I am in the desert. I have come here to read the names on the list of my past lives.
I stand on the sand in bare feet and feel the heat begin to burn. The sand is deceptive because hidden inside are thorns. No one of my tribe walks barefoot in this place.
In this place where all manner of clothes are a weight, heavy boots are a comfort. The sun sets in a blaze of fire that is as much a reflection of the land as the land is a reflection of the sky. This land is worn smooth in its old age of erosion. Yet, looking closely, the small edges are sharp. The rocks all have an edge, and the forest of Joshua trees is clothed in a blanket of thorns.
There is no soft life here; it is all sharp things and poisons.
What that is fat with abundance is consumed quickly. The life you will find on the surface is only a memory —bleached wood, dried thorn, bone, a smiling skull. The geometry of hills and rocks calls to the gods. God is found in the desert, as it always has been. This is not the mystery.
The mystery is this: time does not exist (we all know that,) but in the desert time is worn in vast expanses on the surface of everything. Our thinking is trapped in the box we call time, and by this I mean the box called “sequence.” That is, when we think of something in terms of sequence—this happens then that happens—we are asserting the reality of time.
The biggest monument to time is karma. Karma is the law of cause and effect, and the essential prerequisite for an effect to follow a cause is the structure of time. I look at the bones of the desert and they are time staring back at me.
But they lie to me about time.
Rather, I am lying to myself about the story I think they are telling. In a past life I was a coyote, hunting on the desert floor in the darkness. This coyote has not been born yet. Past and future are just different names for a subtle distinction that we use to lie to ourselves about an idea of something that does not exist. We say that the past has already happened; we say that the future has not happened yet. But neither exists, and never will.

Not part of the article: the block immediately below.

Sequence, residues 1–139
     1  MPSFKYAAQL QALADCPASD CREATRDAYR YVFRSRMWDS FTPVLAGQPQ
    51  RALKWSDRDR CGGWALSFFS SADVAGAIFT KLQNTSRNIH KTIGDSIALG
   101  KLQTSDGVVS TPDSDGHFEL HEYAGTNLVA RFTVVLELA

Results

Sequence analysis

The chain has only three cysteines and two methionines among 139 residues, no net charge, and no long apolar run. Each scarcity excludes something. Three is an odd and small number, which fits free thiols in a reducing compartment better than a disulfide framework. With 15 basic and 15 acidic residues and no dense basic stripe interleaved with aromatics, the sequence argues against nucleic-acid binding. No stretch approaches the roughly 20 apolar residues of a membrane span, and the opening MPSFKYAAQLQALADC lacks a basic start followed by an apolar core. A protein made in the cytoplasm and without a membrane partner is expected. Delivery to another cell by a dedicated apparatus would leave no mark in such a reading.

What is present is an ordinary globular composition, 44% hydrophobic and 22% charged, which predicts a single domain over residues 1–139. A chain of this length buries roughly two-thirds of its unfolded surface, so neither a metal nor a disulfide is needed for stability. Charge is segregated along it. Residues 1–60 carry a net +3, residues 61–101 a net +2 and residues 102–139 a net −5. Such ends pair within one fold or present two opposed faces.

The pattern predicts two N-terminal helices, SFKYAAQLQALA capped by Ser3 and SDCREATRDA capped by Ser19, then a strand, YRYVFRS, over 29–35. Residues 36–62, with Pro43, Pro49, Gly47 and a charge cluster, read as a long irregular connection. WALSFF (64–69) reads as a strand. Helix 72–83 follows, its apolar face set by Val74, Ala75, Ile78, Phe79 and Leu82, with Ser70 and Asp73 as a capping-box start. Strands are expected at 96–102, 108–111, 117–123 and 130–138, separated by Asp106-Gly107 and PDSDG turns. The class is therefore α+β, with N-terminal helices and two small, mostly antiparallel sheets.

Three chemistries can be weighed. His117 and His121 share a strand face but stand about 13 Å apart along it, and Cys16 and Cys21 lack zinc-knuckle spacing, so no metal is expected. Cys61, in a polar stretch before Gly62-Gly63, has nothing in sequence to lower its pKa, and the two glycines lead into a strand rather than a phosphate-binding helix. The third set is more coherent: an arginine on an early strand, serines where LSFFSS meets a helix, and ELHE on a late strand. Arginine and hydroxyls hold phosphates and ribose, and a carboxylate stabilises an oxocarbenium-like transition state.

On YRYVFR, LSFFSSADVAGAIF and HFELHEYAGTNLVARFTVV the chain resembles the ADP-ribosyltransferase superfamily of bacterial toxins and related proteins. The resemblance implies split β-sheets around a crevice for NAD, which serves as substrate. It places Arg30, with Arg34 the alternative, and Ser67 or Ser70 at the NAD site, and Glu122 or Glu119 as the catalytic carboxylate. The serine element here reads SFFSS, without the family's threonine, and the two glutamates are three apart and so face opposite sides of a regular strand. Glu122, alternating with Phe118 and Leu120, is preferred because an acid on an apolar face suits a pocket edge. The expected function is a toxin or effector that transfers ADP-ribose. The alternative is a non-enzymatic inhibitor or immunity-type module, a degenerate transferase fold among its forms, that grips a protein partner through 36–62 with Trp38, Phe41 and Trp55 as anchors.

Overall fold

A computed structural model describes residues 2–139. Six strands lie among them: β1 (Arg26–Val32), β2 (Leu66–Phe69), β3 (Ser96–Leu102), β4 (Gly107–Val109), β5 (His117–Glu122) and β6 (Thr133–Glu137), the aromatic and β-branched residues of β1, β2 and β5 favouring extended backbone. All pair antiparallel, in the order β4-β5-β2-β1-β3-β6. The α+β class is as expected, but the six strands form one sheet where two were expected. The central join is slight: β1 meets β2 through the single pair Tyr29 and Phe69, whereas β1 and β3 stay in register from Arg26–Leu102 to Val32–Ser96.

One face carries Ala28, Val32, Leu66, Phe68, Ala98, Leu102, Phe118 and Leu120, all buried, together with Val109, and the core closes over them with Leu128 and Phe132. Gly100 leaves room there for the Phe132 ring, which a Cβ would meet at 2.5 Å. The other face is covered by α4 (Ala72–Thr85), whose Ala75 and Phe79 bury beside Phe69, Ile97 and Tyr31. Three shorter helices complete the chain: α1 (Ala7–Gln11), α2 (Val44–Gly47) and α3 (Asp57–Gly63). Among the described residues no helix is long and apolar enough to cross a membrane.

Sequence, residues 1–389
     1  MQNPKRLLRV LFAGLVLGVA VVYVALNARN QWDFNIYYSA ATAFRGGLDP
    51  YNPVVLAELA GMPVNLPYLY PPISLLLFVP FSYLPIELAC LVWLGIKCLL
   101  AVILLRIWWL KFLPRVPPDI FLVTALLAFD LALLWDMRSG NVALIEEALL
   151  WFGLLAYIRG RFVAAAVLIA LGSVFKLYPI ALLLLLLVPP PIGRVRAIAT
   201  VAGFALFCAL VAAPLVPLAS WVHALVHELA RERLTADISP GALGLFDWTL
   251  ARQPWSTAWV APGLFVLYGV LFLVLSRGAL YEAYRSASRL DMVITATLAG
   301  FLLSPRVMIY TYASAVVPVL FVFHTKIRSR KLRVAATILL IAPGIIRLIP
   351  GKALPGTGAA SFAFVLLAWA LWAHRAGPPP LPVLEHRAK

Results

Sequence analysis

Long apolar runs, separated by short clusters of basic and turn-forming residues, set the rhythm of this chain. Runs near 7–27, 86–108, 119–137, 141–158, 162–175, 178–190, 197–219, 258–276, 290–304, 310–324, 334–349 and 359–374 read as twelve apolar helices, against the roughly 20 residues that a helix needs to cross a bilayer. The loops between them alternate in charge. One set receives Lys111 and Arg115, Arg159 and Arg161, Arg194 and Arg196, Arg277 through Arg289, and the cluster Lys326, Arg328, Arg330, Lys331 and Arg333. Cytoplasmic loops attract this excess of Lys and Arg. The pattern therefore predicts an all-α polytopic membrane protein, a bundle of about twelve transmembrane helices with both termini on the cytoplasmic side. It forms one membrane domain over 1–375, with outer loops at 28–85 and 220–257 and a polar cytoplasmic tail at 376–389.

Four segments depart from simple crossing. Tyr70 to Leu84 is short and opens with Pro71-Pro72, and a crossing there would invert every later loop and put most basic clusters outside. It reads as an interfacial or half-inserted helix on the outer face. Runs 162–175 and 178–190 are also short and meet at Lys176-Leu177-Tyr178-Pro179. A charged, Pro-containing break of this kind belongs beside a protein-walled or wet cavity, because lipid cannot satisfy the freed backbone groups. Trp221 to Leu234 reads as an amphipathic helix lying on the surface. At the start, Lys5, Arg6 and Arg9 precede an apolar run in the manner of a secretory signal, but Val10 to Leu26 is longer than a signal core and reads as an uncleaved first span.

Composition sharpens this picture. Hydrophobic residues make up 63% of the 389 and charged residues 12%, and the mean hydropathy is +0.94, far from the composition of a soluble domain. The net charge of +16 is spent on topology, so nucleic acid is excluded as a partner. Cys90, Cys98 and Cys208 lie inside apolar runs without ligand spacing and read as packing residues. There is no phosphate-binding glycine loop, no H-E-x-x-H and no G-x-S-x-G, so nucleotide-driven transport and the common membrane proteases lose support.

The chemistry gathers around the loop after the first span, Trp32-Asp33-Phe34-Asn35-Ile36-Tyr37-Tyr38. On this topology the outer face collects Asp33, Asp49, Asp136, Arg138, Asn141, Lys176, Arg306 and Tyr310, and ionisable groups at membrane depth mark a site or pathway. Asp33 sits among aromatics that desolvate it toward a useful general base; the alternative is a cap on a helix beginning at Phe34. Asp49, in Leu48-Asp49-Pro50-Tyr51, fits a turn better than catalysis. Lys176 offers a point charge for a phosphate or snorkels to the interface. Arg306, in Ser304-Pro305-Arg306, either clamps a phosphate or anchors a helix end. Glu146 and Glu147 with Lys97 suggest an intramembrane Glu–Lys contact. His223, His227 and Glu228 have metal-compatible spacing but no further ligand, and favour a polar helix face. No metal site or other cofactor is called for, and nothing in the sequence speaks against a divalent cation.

It is so very difficult to talk in precise terms when confined inside a language and a mind constructed out of the assumed irrevocability of time. I have come to this desert to read the list of my past lives. Many of them are individuals whose time lies in the past, but so are just as many of them individuals whose time lies in the future.
It is only my ideas that say these are somehow different. It is only what I think I see in the sand. It is the sharp edges of rocks pretending to be old in order to disguise themselves. On my list of past lives are the names of people who have not been born yet.
This is not the mystery.
Here is the mystery: the list of names of my past lives includes not just names from the so-called past and the so-called future, but also includes names from the so-called present. They are all there. It requires the sparse landscape of the desert to see this clearly; your name is on my list of past lives. As my name is on yours.
We are locked in this lie of sequence and so have no other way to think it through, but your life, the life you are living right now, is a life that I have lived before. My life, the one that I am living right now, is a life that you have lived before. The idea of sequence is just a way to make the reality of this comprehensible to a brain stuck in a certain box.
The idea of “past” lives is just a way of expressing the reality that we are all one. And the law of karma is this—what I do to you now is something I do to myself long ago. The choices I make now condition the experience of my lives already irrevocably a part of my past. I have come to this desert to read the list of my past lives. I stand in the sand in bare feet and remain still. Bleached bones sit on the surface. They lie about their past.
May 17, 2014, Joshua Tree, California (Shaktifest.)
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Apprentice Editor: Sarvasmarana Ma Nithya/Editor: Travis May
Photo: Pixoto/ Ozren Blanusa